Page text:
Denise had just spent two intense hours explaining to Marcus why the changes he wanted were likely to set the project back. Marcus kept insisting that removing requirements should save time, not cost time, and Denise just couldn't explain to Marcus why that just ain't so.
Finally, Marcus understood her point, and that's when he told Denise that the changes had been agreed to at the CEO level. So that was that. "If only I had known," Denise thought, "I wouldn't have wasted the afternoon debating it." Not a great day for Denise.
How much time and energy do we expend, only to learn later that it was all for naught? How much anger do we experience, only to feel sheepishly regretful later, when we see the full picture? How often have we kept to ourselves words of kindness or appreciation, because of the embarrassment that we've felt about giving them voice?
The Temperature Reading, invented by Virginia Satir, gives team members an opportunity to speak their minds, with little risk of embarrassment or hurt. All you need is a quiet, comfortable room.
In its most usual form, the Temperature Reading has five parts. In each part, team members voluntarily come to the front of the group to offer their thoughts to all.
- First we express appreciation for anything meaningful — large or small — for support, contributions, understanding, or even a good joke. Once the appreciations start rolling, they gather momentum, and they build positive feelings that make the rest of the Temperature Reading so successful.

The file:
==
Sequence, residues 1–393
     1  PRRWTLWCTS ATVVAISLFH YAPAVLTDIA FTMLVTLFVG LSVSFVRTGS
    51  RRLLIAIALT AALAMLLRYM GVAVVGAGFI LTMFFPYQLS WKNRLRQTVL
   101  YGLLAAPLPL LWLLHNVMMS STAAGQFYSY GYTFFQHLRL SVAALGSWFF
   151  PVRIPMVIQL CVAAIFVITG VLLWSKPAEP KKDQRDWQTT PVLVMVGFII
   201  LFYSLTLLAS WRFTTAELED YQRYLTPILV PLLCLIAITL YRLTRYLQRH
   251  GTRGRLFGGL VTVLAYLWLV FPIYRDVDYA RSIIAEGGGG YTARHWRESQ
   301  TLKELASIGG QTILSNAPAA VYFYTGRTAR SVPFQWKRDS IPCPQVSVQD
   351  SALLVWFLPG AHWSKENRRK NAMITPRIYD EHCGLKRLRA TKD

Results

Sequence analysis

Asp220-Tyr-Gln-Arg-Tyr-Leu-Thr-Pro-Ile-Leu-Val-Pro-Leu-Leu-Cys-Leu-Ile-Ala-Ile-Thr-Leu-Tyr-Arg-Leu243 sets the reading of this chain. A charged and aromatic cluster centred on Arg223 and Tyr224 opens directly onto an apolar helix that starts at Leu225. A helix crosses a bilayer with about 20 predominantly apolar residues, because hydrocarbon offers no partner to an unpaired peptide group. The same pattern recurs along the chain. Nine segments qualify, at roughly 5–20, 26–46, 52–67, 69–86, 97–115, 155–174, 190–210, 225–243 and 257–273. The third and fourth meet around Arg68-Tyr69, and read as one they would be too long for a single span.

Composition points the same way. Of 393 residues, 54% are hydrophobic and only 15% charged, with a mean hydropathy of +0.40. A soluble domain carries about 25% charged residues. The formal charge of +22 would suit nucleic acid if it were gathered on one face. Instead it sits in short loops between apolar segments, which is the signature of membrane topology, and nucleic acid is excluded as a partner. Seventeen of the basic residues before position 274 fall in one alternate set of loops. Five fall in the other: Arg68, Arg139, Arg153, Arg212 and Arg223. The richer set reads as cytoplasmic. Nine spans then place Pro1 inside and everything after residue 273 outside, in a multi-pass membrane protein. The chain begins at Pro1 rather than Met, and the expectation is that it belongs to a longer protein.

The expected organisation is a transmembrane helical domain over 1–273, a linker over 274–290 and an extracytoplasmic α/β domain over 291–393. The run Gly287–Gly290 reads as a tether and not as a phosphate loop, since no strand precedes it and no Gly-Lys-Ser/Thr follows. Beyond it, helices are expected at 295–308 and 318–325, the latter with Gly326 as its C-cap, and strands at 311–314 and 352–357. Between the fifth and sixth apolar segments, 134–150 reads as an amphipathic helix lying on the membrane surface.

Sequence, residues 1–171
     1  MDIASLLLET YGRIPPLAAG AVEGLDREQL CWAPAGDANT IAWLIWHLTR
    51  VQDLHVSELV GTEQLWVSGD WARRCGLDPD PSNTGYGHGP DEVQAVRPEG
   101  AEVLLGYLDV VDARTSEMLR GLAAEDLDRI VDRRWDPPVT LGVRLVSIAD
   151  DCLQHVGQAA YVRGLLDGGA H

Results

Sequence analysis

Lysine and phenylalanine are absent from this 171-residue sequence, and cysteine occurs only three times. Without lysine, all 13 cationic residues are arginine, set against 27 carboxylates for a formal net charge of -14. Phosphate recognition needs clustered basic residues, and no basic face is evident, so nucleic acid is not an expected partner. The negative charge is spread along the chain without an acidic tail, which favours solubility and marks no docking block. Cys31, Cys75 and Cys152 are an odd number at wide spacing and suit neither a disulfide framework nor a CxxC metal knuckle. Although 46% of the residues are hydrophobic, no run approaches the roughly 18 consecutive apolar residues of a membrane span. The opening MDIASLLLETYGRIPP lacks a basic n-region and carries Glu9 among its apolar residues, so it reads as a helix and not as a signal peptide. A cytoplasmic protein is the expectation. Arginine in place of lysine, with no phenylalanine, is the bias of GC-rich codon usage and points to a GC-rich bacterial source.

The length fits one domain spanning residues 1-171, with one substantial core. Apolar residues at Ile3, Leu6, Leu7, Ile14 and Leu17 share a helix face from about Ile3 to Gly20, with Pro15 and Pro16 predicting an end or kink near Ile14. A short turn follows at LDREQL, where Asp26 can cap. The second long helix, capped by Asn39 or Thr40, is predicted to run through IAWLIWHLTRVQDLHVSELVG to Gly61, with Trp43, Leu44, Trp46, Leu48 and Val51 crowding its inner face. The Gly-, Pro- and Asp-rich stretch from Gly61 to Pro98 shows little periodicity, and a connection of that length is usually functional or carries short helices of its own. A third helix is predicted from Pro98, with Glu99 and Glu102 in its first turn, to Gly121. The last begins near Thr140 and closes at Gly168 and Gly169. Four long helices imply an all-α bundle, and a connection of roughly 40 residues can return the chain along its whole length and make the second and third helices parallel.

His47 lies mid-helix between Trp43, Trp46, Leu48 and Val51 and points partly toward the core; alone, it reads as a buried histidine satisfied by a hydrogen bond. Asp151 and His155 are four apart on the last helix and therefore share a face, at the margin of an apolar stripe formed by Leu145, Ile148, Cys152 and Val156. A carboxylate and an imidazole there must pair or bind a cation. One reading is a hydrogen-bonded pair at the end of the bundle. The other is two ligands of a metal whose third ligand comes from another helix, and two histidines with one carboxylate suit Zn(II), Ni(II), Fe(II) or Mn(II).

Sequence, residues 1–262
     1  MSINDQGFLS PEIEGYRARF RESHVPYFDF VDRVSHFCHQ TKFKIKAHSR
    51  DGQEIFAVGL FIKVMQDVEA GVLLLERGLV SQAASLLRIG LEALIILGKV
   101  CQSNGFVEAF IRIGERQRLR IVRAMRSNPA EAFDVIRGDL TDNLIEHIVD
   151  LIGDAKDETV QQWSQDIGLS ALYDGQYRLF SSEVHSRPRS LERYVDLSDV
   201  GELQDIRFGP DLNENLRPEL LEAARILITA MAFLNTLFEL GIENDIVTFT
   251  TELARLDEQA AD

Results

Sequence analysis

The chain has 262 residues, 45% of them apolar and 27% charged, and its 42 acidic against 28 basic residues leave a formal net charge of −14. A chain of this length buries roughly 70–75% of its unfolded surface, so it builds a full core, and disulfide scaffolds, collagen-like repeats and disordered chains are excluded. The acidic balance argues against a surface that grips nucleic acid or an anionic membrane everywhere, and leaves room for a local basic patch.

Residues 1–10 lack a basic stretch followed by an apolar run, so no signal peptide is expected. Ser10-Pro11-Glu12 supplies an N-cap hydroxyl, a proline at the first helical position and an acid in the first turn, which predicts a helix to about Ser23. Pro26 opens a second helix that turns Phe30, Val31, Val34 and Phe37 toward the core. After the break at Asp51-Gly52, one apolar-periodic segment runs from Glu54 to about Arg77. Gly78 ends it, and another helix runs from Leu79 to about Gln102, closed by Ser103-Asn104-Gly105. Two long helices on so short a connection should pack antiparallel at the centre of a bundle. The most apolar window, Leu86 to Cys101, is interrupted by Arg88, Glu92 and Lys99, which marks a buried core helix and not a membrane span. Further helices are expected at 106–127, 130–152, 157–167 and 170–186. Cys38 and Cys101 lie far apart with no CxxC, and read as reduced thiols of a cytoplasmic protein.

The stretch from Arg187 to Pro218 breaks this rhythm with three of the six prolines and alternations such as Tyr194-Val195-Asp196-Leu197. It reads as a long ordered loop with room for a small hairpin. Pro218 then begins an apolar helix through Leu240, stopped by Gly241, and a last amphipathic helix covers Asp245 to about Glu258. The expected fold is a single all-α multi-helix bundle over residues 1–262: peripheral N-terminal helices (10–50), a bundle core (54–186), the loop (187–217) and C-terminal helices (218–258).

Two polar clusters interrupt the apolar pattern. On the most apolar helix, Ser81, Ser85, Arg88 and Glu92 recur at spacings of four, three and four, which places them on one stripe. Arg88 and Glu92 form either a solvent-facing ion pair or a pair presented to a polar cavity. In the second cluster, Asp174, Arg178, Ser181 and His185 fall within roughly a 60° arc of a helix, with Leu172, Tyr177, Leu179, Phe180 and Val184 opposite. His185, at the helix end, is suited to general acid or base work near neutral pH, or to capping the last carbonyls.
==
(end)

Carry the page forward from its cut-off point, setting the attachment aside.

- New Information
- Here we offer information that we think others might not know yet. Often this section clears up puzzles and resolves complaints even before they're voiced.
- Puzzles are questions we have that we don't know how to answer. Offering the question to the whole group makes everyone aware of the puzzle at once, and helps engage everybody in resolving it, once the Temperature Reading ends.
- Complaints with Recommendations
- The Temperature Reading
gives team members an
opportunity to speak their
minds, with little risk of
embarrassment or hurt
- Next we can complain, provided we also recommend something that helps resolve the issue we raise. Complaints are usually heartfelt and are almost always heard that way.
- Hopes and Wishes
- Closing the Temperature Reading on a high note — one of hopes and wishes for the future — gives us a chance to express our dreams. It can be inspiring and we can sometimes inspire others.
Like all group activities, the Temperature Reading improves with practice. Once you've learned the rhythm, regular Temperature Readings can keep a well-functioning team in the groove, and help take a troubled team — one that's too cold or too hot — to a place of comfortable warmth. Top Next Issue
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More articles on Personal, Team, and Organizational Effectiveness:
- Choices for Widening Choices
- Choosing is easy when you don't have much to choose from. That's one reason why groups sometimes don't
recognize all the possibilities — they're happiest when choosing is easy. When we notice this
happening, what can we do about it?
- Appreciate the Moment
- Often, we focus our awareness where we aren't or when we aren't. Whether we're in a heated meeting,
or blowing out the candles of a birthday cake, being fully present can make our experiences more positive
and memorable. Why are we so often someplace else? When we are, how can we come back? Or better, how
can we stay fully present when we want to?
- Recalcitrant Collaborators
- Much of the work we do happens outside the context of a team. We collaborate with people in other departments,
other divisions, and other companies. When these collaborators are reluctant, resistive, or recalcitrant,
what can we do?
- My Right Foot
- There's nothing like an injury or illness to teach you some life lessons. Here are some things I learned
recently when I temporarily lost some of my independence.